Everyone knows “gluten-free” has become a major buzzword.
Restaurants now proudly offer gluten-free options, and even mainstream supermarkets have whole aisles dedicated to the trend. It seems like everyone has jumped on the gluten-free bandwagon.
As a doctor, I often see gluten as a major cause of digestive, autoimmune, weight, mood, and neurological problems.
Unfortunately, going gluten-free has a major downside when we do it incorrectly.
As gluten-free gains popularity, food companies—well aware of a potential marketing opportunity—turn processed, sugary junk into gluten-free processed, sugary junk, but we tend to associate gluten-free with healthy, so these labels are misleading.
Those cookies might boast “gluten-free” in big, bold letters, but turn the box around and read ingredients. Those types of products are usually higher in sugar, flour (that converts to sugar), trans and other damaging inflammatory fats, and weird food-like additives that add up to big profits for these companies and added poundage around our midsections, all while sabotaging our health.
Gluten-free cupcakes and cookies are still cupcakes and cookies. Besides usually being higher in sugar and other junk ingredients, the gluten-free claim creates a “health halo,” so we often reach for seconds and thirds.
These gluten-free, sugar-loaded foods raise blood sugar levels and contribute to inflammation, which plays a role in nearly every disease on the planet. Because they are often loaded with flour, they can also lead to serious health challenges like leaky gut syndrome.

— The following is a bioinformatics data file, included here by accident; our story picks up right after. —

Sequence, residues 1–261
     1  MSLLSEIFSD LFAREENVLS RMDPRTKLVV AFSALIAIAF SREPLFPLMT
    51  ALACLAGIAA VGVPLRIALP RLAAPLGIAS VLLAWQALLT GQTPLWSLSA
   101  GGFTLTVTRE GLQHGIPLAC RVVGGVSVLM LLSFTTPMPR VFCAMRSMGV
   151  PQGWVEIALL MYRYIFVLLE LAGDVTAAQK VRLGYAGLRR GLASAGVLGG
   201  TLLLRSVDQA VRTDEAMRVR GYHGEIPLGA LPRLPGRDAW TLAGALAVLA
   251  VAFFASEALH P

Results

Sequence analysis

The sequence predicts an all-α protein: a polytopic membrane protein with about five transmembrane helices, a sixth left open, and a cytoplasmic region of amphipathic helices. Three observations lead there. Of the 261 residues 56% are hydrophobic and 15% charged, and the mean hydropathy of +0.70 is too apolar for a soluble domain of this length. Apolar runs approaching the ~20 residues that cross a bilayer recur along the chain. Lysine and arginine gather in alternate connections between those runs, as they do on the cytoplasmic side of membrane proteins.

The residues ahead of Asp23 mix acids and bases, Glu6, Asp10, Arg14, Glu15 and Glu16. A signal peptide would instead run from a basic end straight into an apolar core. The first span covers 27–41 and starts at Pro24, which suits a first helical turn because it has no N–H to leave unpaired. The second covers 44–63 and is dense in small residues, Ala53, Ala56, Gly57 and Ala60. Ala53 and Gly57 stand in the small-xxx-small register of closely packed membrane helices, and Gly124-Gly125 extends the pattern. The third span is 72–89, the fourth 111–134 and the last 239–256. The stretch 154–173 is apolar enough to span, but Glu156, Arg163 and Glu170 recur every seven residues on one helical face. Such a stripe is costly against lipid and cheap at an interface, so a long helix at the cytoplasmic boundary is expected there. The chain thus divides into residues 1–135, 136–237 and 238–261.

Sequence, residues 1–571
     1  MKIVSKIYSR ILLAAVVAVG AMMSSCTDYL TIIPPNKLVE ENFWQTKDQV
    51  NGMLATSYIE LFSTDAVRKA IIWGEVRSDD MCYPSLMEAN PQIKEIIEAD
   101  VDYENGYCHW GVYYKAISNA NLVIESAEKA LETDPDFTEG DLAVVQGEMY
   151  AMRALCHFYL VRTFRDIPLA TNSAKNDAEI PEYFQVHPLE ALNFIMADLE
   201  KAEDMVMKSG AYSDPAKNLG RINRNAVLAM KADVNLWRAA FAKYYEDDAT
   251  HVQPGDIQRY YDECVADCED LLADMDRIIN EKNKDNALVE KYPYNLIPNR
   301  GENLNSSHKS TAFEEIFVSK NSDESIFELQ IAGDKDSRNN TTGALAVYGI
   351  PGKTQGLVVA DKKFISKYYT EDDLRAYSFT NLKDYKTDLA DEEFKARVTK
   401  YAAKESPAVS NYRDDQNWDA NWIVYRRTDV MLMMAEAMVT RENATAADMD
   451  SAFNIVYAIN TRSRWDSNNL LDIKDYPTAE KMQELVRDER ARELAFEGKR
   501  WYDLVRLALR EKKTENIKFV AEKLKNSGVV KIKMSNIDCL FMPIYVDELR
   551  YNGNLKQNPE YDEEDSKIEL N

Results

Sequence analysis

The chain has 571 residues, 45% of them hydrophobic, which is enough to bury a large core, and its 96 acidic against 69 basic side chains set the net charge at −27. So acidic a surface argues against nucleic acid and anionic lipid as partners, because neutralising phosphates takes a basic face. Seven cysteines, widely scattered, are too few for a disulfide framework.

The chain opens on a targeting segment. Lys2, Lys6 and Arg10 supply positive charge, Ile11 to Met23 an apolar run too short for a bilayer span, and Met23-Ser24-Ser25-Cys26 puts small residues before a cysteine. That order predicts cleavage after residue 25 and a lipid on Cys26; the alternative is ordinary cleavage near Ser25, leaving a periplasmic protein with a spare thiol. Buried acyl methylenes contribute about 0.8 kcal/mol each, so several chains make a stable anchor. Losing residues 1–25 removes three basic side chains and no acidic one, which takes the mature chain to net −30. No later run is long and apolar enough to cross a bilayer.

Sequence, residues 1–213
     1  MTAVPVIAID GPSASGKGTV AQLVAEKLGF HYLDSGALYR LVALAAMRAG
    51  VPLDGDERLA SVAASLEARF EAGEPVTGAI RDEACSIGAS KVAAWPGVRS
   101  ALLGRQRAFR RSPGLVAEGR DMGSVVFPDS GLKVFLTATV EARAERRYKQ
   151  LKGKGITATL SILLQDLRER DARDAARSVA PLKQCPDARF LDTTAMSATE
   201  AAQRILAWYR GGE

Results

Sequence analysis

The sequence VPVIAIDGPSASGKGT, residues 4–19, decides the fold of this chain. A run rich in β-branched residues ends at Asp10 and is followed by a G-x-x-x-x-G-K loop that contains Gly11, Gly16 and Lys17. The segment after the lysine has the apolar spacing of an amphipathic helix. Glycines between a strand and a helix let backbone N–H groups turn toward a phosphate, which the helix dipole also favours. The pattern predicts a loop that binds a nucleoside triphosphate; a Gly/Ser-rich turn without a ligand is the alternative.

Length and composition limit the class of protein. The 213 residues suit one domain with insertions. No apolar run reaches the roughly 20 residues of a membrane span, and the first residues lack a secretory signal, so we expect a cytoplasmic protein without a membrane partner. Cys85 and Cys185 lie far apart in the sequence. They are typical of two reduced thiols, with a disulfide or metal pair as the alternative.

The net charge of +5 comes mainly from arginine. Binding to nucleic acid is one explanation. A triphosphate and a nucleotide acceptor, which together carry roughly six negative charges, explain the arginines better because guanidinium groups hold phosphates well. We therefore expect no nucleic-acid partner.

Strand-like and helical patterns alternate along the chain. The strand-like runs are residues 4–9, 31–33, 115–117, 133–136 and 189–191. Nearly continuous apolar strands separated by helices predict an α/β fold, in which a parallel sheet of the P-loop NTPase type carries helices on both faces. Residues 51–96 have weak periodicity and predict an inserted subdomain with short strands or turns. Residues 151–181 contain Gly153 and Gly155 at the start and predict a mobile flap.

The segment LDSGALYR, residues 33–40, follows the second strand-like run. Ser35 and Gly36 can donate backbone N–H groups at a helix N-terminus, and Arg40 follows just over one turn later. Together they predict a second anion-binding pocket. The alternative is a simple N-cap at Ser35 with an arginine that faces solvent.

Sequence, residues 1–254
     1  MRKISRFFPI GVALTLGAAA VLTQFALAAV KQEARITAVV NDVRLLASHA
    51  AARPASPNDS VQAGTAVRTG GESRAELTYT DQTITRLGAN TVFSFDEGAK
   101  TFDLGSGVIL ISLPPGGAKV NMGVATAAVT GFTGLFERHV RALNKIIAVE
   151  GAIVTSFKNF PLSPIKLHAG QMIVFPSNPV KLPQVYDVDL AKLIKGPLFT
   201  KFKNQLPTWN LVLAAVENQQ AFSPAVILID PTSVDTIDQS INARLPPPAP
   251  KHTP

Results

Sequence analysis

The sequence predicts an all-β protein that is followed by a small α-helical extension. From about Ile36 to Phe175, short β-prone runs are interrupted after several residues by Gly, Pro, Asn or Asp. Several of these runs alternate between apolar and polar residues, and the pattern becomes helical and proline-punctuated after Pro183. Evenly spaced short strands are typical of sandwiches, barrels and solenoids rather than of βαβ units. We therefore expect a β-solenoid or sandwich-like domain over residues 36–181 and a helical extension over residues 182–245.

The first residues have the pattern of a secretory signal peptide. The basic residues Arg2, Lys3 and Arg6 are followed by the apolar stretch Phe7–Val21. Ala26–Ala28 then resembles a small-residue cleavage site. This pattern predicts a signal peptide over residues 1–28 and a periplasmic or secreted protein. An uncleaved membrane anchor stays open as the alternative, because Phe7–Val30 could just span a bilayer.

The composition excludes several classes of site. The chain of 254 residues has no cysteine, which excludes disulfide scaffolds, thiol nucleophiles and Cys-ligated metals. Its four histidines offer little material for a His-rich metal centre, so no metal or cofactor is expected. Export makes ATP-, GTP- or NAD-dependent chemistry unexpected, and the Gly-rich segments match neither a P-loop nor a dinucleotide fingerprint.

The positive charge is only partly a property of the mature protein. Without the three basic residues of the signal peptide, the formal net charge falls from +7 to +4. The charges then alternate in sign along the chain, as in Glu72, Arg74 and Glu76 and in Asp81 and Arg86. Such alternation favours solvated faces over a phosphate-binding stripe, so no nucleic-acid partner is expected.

Nature created its own gluten-free diet with whole foods like avocado, almonds, and broccoli. We needn’t succumb to marketing claims and believe gluten-free cookies or other junk foods are somehow healthy.
I help my patients intelligently go gluten-free without falling into the duplicitous marketing trap with these five tips:
- Cook at home. The cure for what ails us—in our bodies and in our nation—originates in the kitchen: the very first step in reclaiming our health. When we cook at home, we know no gluten or other harmful ingredients slip into our food.
- Stop buying the “healthy food costs more” myths. Savvy marketing convinces us that cooking real food costs too much, is too hard, and takes too long, so we rely on inexpensive, “convenient” foods that shrink our wallets and our health. After all, “convenient” food hardly proves convenient when we become sick. Research shows eating real food doesn’t have to be more expensive or take longer to make.
- Eat out smartly. Eating out can be fun, and we all do it sometimes. We can choose the restaurant to find the best quality with the most options. Gluten-free menus are great, but don’t replace one bread or pasta with an even worse form of bread or pasta. Choose grilled or baked chicken, fish, or other protein and pair it with a side or two of vegetables and some healthy fats like avocado and extra-virgin olive oil.
- Don’t be fooled by the food industry. Remain suspicious about health claims. A label is nothing more than food marketing at its cleverest, seducing us into an emotional purchase that tricks us with misleading health claims.
- Read ingredients. If real food is at the end of the list and sugar or ingredients we don’t recognize are at top, put it back. The most abundant ingredient is listed first. Others are listed in descending order by weight. Better yet, keep it simple and just eat real, whole food.
If you’ve gone gluten-free, have you ever been tempted to buy gluten-free junk foods? Share your thoughts below or on my Facebook page.
Author: Dr. Mark Hyman
Editor: Emily Bartran